Movie Review : Under the Silver Lake (2018)
Common wisdom wants that conspiracy theories are for underachievers and crazy people. That it’s a way for them to rationalize their failures and blame them on somebody. But they do make life more entertaining and dramatic. According to David Robert Mitchell’s latest movie Under the Silver Lake, it’s much more exciting to live inside one if you’re a confused, directionless young man, even if it might not have any bearing on your life. Oh, and it’s pretty fucking great, too. This movie was originally supposed to drop six months ago, but it was worth the wait.
Under the Silver Lake tells the story of Sam (Andrew Garfield), a horny slacker spending his days snooping on his neighbors. That’s how he discovers Sarah (Riley Keough), a mysterious young woman sunbathing next to his apartment building pool. The two spend one evening together, which is interrupted by Sarah’s roommates before they get a chance to do anything. The next day, she disappears. They all disappear and they apartment is wiped clean. Finally given a purpose, Sam sets off across L.A to find her and stumbles upon the weirdest, most intricate conspiracy instead.
Don’t worry, I’m not going to spoil the conspiracy theory: 1) it’s way too cool if you’re into that sort of stuff and 2) it’s not really what Under the Silver Lake is about. It’s an existential coming-of-age movie masquerading as a mystery. Sam uses his investigation to give himself purpose and pull himself out of a rut. It’s never clear where it’s going to lead him, but it doesn’t matter. Anywhere, but his current state of emotional isolation will do. Sarah represents the future for Sam. A future he’s willing to fight the present in order to secure. The existential subtext gives Under the Silver Lake emotional depth, even if the movie doesn’t take itself too seriously.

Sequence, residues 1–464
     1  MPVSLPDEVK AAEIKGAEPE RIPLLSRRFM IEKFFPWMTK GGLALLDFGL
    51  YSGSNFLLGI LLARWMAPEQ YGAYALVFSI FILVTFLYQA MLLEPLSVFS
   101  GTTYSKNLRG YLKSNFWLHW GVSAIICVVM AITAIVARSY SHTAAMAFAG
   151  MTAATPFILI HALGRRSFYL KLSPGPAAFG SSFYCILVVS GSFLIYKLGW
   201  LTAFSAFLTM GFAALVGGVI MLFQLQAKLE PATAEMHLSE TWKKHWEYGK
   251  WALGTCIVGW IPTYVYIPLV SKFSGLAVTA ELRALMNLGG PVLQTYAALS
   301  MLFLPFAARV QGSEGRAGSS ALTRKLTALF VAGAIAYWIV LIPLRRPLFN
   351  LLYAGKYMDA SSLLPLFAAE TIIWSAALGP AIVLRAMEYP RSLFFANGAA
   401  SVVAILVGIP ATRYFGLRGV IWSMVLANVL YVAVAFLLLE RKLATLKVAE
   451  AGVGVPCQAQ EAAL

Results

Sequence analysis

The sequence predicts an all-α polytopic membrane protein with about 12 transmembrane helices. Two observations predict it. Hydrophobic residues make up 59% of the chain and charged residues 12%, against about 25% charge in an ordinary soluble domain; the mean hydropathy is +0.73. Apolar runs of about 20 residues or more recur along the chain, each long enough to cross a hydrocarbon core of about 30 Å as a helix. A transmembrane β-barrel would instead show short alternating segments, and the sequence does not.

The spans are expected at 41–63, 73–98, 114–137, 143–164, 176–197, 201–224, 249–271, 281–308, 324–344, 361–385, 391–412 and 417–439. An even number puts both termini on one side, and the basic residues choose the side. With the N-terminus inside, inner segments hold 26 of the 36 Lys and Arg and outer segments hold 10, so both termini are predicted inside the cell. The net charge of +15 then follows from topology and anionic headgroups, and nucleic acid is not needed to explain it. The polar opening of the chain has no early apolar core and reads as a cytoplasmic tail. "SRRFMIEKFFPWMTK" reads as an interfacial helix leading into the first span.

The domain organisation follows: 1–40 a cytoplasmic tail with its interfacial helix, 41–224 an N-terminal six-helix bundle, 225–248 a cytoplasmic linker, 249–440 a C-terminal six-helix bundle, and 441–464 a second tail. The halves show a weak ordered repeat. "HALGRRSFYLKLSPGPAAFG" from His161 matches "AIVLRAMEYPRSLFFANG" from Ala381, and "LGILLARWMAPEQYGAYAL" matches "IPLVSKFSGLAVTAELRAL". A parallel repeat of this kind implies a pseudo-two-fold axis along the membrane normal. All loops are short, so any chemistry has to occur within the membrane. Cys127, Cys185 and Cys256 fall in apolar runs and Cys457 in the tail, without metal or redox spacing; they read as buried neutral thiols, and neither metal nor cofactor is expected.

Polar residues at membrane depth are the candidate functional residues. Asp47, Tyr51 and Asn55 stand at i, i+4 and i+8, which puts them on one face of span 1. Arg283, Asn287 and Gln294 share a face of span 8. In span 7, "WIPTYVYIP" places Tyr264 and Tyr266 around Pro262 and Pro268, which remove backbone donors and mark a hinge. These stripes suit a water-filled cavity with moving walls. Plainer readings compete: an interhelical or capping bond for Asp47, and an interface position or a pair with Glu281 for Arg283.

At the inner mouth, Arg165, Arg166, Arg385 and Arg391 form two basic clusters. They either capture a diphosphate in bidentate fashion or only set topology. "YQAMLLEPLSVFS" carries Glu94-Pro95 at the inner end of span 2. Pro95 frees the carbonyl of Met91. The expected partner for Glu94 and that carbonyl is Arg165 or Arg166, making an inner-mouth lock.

Under the Silver Lake’s balance of over-the-top humorous themes and more serious existential issues is what makes it so unique and original. Writer and director David Robert Mitchell goes to great lengths to constantly remind you everyone involves is human and flawed. There’s a beautiful, hilarious scene where Sam lets his emotions get the best of himself after his car gets vandalized and confronts one of the biggest contemporary movie taboos in consequence. That’ll have you either go all-in (this is where I did) or mentally check out of Under the Silver Lake.
This is what makes it so successful and different from other conspiracy theory movies. It’s oddly humane. It’s filled with people chasing happiness and fulfillment instead of power. Those who decide to chase it become corrupt and miserable, which is illustrated in a pretty cartoony manner in the songwriter scenes, but it’s theoretically not wrong. The songwriter is arguably the most important person in contemporary music, but he’s become extremely bitter for not having any recognition. A sneaky theme of Under the Silver Lake is being attuned to your desires: knowing who you are and what you want.
I loved Under the Silver Lake as much as I anticipated. It’s an original and powerful movie that gracefully achieves what it’s aiming to do while keeping a sense of humor about itself. There’s really no higher calling than that, if you ask me. It’s profound, humane, nuanced and thoroughly funny. David Robert Mitchell got a lot of attention with his sophomore feature It Follows in 2014, but Under the Silver Lake surpasses it in every possible way: it’s smarter, more subtle and doesn’t give everything away halfway through. And I have a gut feeling that this one’s going to age like fine wine. There’s just too much material to take in on first viewing.
* I debated giving it a perfect score. But I thought it had minor pacing issues and could’ve shaved a good 15 minutes out of its final run time. I might change my mind on second viewing, though.